One time, I wrote to you from a provocatively celestial, windy night.
Two dust-speckled birds lit on the mulberry tree across the street. The tree still had some dark green leaves on, it being the middle of November.
I heard a low and mournful whisper coming from the train yard. It weren't a ghost; just a locomotive breathing out its coarse diesel discourse into the obscure hours.
Before long, those two nightjars commenced their song; caliginous chirps and whistles followed. All of those sounds combined. And once entwined, they spirited themselves away into the upper atmosphere.
There was a buzzing sodium lamp burning nearby. The light it made caused nearby objects to appear yellow and sharp. Purple shadows blossomed beneath the cars and plants and cats located within the circle of its electric radiance.
I spied Polaris setting in one place way up north. The rest of the stars and planets churned around it like the maelstroms that take unlucky boats down to Neptune's hidden garden. Seeing how that idea gave me an unfamiliar but welcome sense of ease and well being, I laid myself down and fell into a dream.
It is naturally bright but the air is sullen at the same time. I let my old yellow Volkswagen—the one I bought from the fry cook at Fred’s Bread—do the driving. That car carries me with all of the benevolence its chugging engine can muster, across empty mesas and up into foggy foothills.
The road gets hard to manage and has been flooded with paint the color of water so I climb out a side window. The city of Albuquerque is glowing beneath me. It looks just like I imagine a vast space station might, if I were an astronaut.
I tell the Volkswagen (whose name I cannot pronounce when awake) to wait while I investigate the geometry and nocturnal animal life in the mountains ahead.
A pack of coyotes is breathing out howling noises aimed at the moon and vinegaroon skitters through the arroyo, whipping its tail and snapping its black claws. Somewhere east of supper rock, I find a wooden door has been craftily installed into the face of a cliff I used to climb.
I pull it open to discover the Sandia Mountains are mostly hollow. A pale blue light seeps through from the other side. Inside, I notice that someone built a ramshackle fence—made from saplings and multi-colored telephone wire—around a great green meadow that seems to extend for miles. Sheep graze here and there. My old dog Arnold bounds up to say hello, wagging his tail. He starts carrying on about the beauty and serenity of nature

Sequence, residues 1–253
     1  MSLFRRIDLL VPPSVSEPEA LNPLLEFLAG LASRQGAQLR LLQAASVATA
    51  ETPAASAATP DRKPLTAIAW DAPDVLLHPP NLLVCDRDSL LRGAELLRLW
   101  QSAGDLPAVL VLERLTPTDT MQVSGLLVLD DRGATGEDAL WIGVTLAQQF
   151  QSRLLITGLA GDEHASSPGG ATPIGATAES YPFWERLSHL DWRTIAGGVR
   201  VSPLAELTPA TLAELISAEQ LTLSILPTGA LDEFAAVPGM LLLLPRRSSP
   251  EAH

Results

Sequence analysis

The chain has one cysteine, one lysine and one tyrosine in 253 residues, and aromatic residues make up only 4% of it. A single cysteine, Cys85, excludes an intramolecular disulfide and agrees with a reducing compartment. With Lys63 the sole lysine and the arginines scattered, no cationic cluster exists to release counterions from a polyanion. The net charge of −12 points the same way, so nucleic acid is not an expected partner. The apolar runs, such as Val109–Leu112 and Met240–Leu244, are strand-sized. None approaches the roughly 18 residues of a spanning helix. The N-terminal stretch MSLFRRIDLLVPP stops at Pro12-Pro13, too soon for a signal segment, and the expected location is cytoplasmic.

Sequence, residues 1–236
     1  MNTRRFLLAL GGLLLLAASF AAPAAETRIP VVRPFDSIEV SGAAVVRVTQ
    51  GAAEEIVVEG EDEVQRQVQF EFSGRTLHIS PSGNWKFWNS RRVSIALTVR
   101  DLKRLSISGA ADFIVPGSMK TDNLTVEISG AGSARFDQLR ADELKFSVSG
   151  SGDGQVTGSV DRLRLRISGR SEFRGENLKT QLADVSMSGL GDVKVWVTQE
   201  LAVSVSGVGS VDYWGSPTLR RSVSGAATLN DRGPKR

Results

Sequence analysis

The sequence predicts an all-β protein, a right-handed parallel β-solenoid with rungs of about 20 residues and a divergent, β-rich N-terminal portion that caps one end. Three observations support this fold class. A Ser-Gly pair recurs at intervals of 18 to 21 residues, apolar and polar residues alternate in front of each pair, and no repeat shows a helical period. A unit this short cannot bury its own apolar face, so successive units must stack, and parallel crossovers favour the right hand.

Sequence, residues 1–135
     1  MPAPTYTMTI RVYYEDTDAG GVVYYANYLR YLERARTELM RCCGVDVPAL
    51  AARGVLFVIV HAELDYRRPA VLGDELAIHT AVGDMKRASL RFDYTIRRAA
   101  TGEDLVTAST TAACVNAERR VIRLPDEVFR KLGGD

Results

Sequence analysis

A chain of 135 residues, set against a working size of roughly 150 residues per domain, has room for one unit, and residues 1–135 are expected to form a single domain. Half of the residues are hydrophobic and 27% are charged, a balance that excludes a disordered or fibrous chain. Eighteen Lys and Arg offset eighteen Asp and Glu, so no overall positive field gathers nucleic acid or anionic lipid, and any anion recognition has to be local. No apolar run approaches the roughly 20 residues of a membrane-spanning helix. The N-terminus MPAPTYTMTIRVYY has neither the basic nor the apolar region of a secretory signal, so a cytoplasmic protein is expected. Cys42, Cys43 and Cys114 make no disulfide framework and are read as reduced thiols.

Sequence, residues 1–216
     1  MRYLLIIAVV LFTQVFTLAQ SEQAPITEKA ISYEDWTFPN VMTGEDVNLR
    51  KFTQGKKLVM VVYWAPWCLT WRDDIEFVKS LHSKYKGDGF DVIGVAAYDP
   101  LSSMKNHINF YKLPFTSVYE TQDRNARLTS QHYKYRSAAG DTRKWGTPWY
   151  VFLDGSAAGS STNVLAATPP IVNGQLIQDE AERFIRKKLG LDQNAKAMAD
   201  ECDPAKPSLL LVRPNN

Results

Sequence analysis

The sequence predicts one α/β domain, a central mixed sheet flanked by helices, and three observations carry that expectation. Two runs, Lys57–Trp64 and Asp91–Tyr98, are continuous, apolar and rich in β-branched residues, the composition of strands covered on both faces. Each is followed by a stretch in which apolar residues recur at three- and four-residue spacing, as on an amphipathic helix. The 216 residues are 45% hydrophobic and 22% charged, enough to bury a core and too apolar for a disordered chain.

The sun came up just about then, just as I began to notice the telephone wire fence was really constructed of lunar soil and leaden capacitors.
Yawning and shaking my head at the impossibility such things, I sat up in bed, activated my personal levitation device, floated into the kitchen and processed some coffee beans into a stimulating beverage. I swung the backdoor open in a gesture meant to reconcile myself with reality and did not bother to look for my shoes before deactivating the machine and stepping into November.
A cool breeze was wafting through the air. The whole place smelt of water and autumnal relief. Two fellows were working on the swamp cooler next door and cursing a clogged copper pipe while the neighbor's cat patrolled the fence tops, prowling for Inca doves.
I blinked my eyes and the radio came on as I tumbled back into the house. An announcer was telling about the war and how it might make things like miniaturized nuclear fuel cells scare, how growing one’s home victory garden ought to be balanced out with proper and diligent Geiger counter use.
The presidential show was coming up, the on-air voice continued, and it looked like Oprah was still in the lead because Justin Beiber might be pretty, but his foreign policy skills needed lots of work. 2024 would be a helluva year I thought to myself, even if I do have to learn to walk again.
The alarm went off at seven that morning and I jumped out of bed like my life depended on that simple act. Three cups of coffee and two bowls of rice Chex later, I began my daily drive to work. I smiled broadly and had a good laugh when the oldies station played that one hit song that Franz Ferdinand had when everyone in the rocanrol press really believed they were gonna be the next big thing after Radiohead.